(MENAFN - SomTribune)
By Yusuf Soraan
The Automated System for Customs Data (ASYCUDA) is a computerized system designed by the United Nation Conference on Trade and Development (UNCTAD) to administer a country's Customs (UNCTAD, 2006).According to UNCTAD, Itis an automated Customs data management system that can handle all Customs clearance related processes. This is done by implementing simplified and harmonized procedures, and standardized trade documents. The system allows for the electronic processing of declarations, risk management, transit operations and expedited clearance of goods, in addition to collecting timely and accurate statistical data for fiscal and trade policy objectives.Automated System for Customs Data (ASYCUDA) Program was developed by UNCTAD in the early 1980s to automate the operations of Customs Administrations. It is presently installed in 84 countries. The program was developed to support Customs Administrations in their objective of trade facilitation and efficiency of Customs clearance control. UNCTAD has developed three versions of ASYCUDA so far and is currently rolling out ASYCUDA World.
ASYCUDA Version 1 (1981–84) operated on early personal computers (PCs). Created at the invitation of the Economic Community of West African States (ECOWAS) Secretariat, its main achievement was to assist in the preparation of trade balances and other related trade statistics. Implemented in three countries, it demonstrated that computerized Customs clearance systems could be developed on low-cost computers.
ASYCUDA Version 2 (1985–95) took advantage of the availability of new programming languages and new operating systems for PCs. This version introduced Local Area Network computing in hundreds of Customs offices, allowing for a comprehensive integration of functionalities. Initially running on the only multitasking operating system (PROLOGUE) available on the market, ASYCUDA Version 2 was, over the years, overhauled by the UNIX operating system, opening the way to high transaction volumes and, consequently, ASYCUDAimplementations in large Customs offices. UNCTAD does not develop its functionality anymore. It was introduced in 40 countries and still operates in 15 countries that have not yet migrated to ASYCUDA++.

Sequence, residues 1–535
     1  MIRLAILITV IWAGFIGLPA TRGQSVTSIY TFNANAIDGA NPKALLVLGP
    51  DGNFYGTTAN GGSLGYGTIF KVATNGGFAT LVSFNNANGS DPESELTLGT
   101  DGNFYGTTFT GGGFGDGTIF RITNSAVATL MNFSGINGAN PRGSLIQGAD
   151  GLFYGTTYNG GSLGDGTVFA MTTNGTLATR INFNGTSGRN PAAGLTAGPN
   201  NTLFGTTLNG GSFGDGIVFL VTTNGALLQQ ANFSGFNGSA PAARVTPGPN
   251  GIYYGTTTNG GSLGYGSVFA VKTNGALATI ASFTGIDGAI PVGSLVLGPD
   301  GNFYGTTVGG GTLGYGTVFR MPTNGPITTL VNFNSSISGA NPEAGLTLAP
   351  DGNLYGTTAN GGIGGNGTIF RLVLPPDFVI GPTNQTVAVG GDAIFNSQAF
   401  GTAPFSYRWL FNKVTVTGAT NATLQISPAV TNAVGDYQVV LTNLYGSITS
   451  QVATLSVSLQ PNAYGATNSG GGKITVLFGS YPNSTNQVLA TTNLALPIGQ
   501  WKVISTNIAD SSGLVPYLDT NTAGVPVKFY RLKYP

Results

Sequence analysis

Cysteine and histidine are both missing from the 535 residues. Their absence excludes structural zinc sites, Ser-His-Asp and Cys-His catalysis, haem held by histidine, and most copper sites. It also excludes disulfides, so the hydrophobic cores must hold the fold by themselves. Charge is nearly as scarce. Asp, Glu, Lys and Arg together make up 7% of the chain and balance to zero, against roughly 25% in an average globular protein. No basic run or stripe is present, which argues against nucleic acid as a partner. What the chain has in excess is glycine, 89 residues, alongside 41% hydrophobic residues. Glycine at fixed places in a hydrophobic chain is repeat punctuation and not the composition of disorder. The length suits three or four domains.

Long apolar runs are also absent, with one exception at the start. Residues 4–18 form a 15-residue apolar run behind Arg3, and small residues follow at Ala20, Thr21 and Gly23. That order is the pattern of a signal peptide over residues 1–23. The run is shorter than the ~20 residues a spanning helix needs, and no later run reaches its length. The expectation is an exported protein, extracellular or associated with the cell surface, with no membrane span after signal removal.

ASYCUDA++ (1992–present) is based on real client-server architecture, takes advantage of the power of object-oriented programming languages and uses the potential of relational database systems such as Oracle and Informix. From a technical standpoint, ASYCUDA++ is an advanced Customs information system that integrates a number of modern and robust technologies. ASYCUDA++ built on the full suite of Customs modules provided inASYCUDA Version 2, and added more Customs functionality, particularly in the areas of direct trader input, risk management, and transit monitoring. ASYCUDA++ client computers feature a text-based, multi window user interface. The most common operating systems on ASYCUDA++ client computers are MS/ Windows 9x and MS/Windows XP. The ASYCUDA Program has incorporated the complementary use of another generation of technological tools and the emergence of the widely used Internet environment. A first outcome of this work is that the current version of ASYCUDA++ allows Customs brokers to submit declarations through the Internet. TheASYCUDA++ EU Version is currently operational in four European countries that became members of the EU in May 2004—Estonia, Latvia, Lithuania, and Slovakia.